“I was the first female in my department on the faculty, but there was an additional aspect of that which was that there hadn’t been new hires on the faculty for quite some years so I was also significantly the youngest person in the department,” McNeil said. “It is (men in the department's) job to adjust to you, not you to adjust to their expectations.”
Sexual harassment is proven to be prevalent in STEM fields. According to the National Academies of Science, Engineering and Medicine, between 20 and 50 percent of female students in STEM majors and more than 50 percent of female faculty in STEM are estimated to have experienced sexual harassment, said Sheila Kannappan, an associate professor in the Department of Physics and Astronomy.
Of those that took a survey administered by the Allies for Minorities and Women in Science and Engineering, 13 percent reported they were told remarks about their physical appearance, said Leah Bowers, a Ph.D. candidate in chemistry.
“The Allies for Women and Minorities in Science and Engineering is an organization that advocates for graduate students and post-docs in the graduate school here at UNC,” Bowers said. “By doing that, we are largely helping graduate, but even more so, graduate students who are on the margins.”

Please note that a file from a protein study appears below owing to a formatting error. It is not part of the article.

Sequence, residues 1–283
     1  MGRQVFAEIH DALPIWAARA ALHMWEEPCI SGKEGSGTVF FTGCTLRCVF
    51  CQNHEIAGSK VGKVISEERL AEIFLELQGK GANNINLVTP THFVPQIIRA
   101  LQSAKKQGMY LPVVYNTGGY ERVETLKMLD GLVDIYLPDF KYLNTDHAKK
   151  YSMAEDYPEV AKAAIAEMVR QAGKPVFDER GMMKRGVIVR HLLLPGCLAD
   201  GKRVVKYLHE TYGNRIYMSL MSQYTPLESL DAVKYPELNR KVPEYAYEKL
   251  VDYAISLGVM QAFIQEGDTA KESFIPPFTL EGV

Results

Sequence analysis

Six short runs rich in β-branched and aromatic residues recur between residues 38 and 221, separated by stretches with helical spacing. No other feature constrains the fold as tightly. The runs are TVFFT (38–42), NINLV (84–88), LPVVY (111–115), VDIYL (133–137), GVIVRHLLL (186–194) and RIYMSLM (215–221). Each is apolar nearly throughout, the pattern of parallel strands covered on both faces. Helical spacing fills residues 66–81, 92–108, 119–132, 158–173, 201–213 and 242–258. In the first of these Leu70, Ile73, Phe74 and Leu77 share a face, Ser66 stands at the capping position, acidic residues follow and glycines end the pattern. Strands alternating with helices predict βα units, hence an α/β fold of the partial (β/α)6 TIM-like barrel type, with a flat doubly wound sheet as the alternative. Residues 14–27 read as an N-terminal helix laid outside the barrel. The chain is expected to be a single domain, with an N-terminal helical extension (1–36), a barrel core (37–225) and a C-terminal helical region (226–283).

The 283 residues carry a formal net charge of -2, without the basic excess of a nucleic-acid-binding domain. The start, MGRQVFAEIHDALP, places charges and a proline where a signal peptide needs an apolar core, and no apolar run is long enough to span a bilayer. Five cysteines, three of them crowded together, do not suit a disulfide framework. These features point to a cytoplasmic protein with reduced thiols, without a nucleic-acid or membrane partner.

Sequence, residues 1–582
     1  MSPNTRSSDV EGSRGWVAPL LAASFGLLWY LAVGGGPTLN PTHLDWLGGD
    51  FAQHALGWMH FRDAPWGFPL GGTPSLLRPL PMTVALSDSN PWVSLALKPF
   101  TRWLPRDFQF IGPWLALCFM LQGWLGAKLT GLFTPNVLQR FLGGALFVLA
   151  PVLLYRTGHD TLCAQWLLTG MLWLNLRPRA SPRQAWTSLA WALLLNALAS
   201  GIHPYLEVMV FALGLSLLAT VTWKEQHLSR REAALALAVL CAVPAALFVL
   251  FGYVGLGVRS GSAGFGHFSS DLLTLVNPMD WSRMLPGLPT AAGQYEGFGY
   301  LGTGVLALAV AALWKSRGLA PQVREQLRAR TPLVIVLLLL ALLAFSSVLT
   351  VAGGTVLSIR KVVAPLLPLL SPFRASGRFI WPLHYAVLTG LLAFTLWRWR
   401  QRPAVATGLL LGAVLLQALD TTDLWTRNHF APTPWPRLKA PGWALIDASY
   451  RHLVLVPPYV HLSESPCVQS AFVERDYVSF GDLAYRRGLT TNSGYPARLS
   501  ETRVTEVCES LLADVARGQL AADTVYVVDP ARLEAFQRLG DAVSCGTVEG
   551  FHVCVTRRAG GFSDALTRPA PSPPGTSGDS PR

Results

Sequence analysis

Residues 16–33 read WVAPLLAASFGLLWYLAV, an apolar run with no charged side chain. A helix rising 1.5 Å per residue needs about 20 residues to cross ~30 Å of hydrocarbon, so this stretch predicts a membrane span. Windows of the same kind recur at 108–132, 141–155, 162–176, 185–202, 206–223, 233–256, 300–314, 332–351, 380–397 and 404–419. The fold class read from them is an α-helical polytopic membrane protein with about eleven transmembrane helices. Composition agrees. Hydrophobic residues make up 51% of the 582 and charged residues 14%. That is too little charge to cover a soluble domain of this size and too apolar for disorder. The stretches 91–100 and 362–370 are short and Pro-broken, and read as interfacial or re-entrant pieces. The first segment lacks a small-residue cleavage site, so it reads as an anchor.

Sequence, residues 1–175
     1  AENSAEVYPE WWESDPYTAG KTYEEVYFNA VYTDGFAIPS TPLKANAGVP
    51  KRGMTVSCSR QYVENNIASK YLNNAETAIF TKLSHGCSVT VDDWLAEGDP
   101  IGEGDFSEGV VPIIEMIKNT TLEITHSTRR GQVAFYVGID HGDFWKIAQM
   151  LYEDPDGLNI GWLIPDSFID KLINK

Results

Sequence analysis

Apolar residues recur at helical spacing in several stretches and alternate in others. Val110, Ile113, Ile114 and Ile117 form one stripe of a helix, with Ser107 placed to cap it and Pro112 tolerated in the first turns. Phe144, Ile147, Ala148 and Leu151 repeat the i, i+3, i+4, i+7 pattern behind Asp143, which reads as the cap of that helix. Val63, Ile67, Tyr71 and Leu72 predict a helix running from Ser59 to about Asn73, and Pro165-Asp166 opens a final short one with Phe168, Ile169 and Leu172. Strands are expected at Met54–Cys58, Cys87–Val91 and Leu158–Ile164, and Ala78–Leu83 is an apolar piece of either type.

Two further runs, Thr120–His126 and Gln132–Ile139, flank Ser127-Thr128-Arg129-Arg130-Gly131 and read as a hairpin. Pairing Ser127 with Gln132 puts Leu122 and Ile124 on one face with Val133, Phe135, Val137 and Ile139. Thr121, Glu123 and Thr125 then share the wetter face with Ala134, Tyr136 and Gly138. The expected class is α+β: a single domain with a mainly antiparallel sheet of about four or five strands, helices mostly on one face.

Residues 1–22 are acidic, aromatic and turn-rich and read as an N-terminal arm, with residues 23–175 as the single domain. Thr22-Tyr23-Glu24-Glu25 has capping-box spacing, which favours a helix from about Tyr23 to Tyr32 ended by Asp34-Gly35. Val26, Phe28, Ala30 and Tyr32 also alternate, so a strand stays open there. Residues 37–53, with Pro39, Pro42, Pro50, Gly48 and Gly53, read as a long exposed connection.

Finding a passion for STEM is important and sometimes students do not have the opportunities to pursue science so they choose a different career, said Esther Kwon, a senior biology major. Programs like SUCCEEDxUNC have been created to combat this issue.
“SUCCEEDxUNC is essentially a group of undergraduate students that work on developing demo and science kits for middle school teachers to use in their classrooms,” Kwon said.
Panelists also discussed solutions to the obstacles women face.
“From my point of view, we need to start hiring women,” said Yaiza Canzani, a professor in the mathematics department. According to the Women in STEM: 2017 Update by the U.S. Department of Commerce, Economics and Statistics Administration's, in 2015, only 24 percent of those employed in STEM fields were women.
The panelists agreed that having a mentor is a helpful tool for success in STEM fields.
“I have absolutely no doubt in my mind that that is critical in terms of my ability to stay in science and persist,” said Susan Girdler, a professor in the Department of Psychiatry and Psychology. “Look around and look for people that are doing what resonates with you.”
Though STEM may appear to be a difficult field for women, the panelists agreed that self-confidence is important.
“If you’re convinced that this is the correct choice for you, I think you can get anywhere,” said Canzani. “Don’t second-guess yourself. You have enough people that are going to be second guessing you. Just trust that you are meant for this.”